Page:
Hickory Park Riparian Buffer Restoration (TreeVitalize)
Thanks to around 30 volunteers, we were able to plant 350 native trees and shrubs along Swamp Creek in New Hanover Township's Hickory Park. The trees will help filter water in the floodplain, stabilize the stream banks to prevent erosion, and restore habitat for wildlife. Our trees are all doing very well, and we will continue to monitor their growth. Thank you to all the great volunteers, especially New Hanover’s Environmental Advisory Board members and Boy Scout Troop 30, for dedicating six hours of their Saturday to improve the health of Swamp Creek and the rest of our watershed downstream.
D'Lauro Preserve Riparian Buffer Restoration (TreeVitalize)
Watershed volunteers removed trash and an undergrowth of invasive plants, replacing them with native trees and shrubs. Ben Grosso completed his Eagle Scout project through his work on this reforestation project. He also installed level spreaders to prevent erosion, built bat boxes to provide new habitat space, and created a poster detailing our work
Stream Buffer Planting at 1014 North Gravel Pike, Schwenksville (TreeVitalize)
As part of this 2010 project, the Conservancy and volunteers planted trees and shrubs along an unnamed tributary of the Perkiomen. We worked with volunteers from the Merck to plant 30 trees and shrubs.
Lower Salford Township is Serious About Stormwater and Flood Control!
LST Parks Department and PWC partnered again to replant a native riparian buffer of trees, shrubs and flowering perennials to filter contaminants, reduce flooding, and increase wildlife habitat along a lovely stretch of the West Branch Skippack Creek at Kulp & Yoder Roads in Harleysville. In 2008, we planted almost over 200 trees and shrubs, in fall 2009 we planted over 300 more!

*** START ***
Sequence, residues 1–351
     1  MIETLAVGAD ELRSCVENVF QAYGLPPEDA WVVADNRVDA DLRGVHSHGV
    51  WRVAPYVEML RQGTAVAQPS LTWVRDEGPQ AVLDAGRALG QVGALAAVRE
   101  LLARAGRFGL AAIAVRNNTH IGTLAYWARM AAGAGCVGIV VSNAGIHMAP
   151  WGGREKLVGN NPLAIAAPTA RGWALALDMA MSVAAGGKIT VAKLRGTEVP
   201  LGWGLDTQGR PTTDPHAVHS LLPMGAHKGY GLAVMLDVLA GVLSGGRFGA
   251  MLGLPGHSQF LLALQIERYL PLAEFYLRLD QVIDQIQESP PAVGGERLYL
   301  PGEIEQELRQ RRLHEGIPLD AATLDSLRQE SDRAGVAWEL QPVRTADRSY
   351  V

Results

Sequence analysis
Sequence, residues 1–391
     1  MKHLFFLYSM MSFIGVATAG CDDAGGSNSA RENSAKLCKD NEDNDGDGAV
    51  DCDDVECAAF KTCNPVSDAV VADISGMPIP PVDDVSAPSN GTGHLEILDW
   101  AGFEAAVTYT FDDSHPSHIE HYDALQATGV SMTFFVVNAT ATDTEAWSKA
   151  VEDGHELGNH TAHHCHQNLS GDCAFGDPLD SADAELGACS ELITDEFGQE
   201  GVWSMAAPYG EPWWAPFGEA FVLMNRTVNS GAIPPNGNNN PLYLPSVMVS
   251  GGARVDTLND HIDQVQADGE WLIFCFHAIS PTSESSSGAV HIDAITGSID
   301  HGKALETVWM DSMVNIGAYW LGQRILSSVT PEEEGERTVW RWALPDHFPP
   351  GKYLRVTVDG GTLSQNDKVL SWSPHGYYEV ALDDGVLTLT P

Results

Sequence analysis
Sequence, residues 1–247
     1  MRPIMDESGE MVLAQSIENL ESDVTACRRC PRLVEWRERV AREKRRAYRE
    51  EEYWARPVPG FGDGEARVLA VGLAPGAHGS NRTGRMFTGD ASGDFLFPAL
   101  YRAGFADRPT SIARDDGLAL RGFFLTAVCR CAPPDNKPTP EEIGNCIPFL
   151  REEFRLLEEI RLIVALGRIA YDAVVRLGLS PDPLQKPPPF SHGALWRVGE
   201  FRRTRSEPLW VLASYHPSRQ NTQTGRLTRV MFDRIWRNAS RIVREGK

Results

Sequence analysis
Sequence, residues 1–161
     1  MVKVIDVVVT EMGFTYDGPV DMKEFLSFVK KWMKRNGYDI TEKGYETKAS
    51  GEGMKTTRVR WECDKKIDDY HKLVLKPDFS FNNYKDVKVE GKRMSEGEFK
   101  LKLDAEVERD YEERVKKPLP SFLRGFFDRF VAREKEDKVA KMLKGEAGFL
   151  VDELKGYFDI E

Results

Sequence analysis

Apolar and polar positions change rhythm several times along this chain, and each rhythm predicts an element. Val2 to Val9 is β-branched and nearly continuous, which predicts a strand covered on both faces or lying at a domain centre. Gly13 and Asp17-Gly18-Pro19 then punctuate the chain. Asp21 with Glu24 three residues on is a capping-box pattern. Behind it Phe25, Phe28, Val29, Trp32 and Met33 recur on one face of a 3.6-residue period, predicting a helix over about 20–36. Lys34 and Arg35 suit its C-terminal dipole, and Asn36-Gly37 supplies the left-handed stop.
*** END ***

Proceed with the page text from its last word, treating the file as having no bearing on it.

Stream Restoration in Milford Township, Bucks County
Public Works Director Dave Winkler and his crew brought new life to an old stream (a tributary of the Unami Creek) by removing years of accumulated silt and invasive plants, installing erosion control structures, and planting 480 native trees, shrubs, and live stakes.
Future Forests in Green Lane!
Between 2005-2008, Upper Perkiomen High School teachers Jim Coffey and Mike Tirjan and their Environmental Science students spent over 100 hours planting over 1,200 new trees at Knight Road, Church Road, Water Street and Ward Road sites in Green Lane. Staff from the Green Lane Nature Center helped install 1,000 feet of deer fencing to protect the plants. (A million thanks to Green Lane maintenance guys, Geoff Pieninck & Tom Oberholtzer for all their "behind the scenes" assistance.)
Signs of Re-Leaf
The "Former Collegeville Dam Streambank Restoration Project" was finally completed in 2007! With the aid of Montgomery County Parks maintenance staff, a colorful and informative educational sign is now installed near the creek along the Perkiomen Trail in Collegeville. The sign is located on the trail about ¼ mile south of the Route 113 overpass in Rahns. Stop by to bask in our appreciation for all of the wonderful volunteers that made this project possible!
Improving Stormwater Basins, Naturally!
It began with just one stormwater basin in the Mayfield Estates community (Schwenksville) in May of 2008. By the end of October, 2010 over 87 Mayfield Estates residents had "naturalized" all seven of their stormwater basins by planting them with almost 1000 trees, shrubs and flowering perennials. Now, instead of ugly mown-grass basins, these new plants will be allowed to grow, helping slow down, filter and absorb stormwater that used to flood those basins and the surrounding community. The filtered water absorbed into the ground helps recharge our groundwater supplies, providing water for our forests, streams and wells during droughts. The plants are a beautiful addition to the community and will attract valuable wildlife, such as birds and butterflies.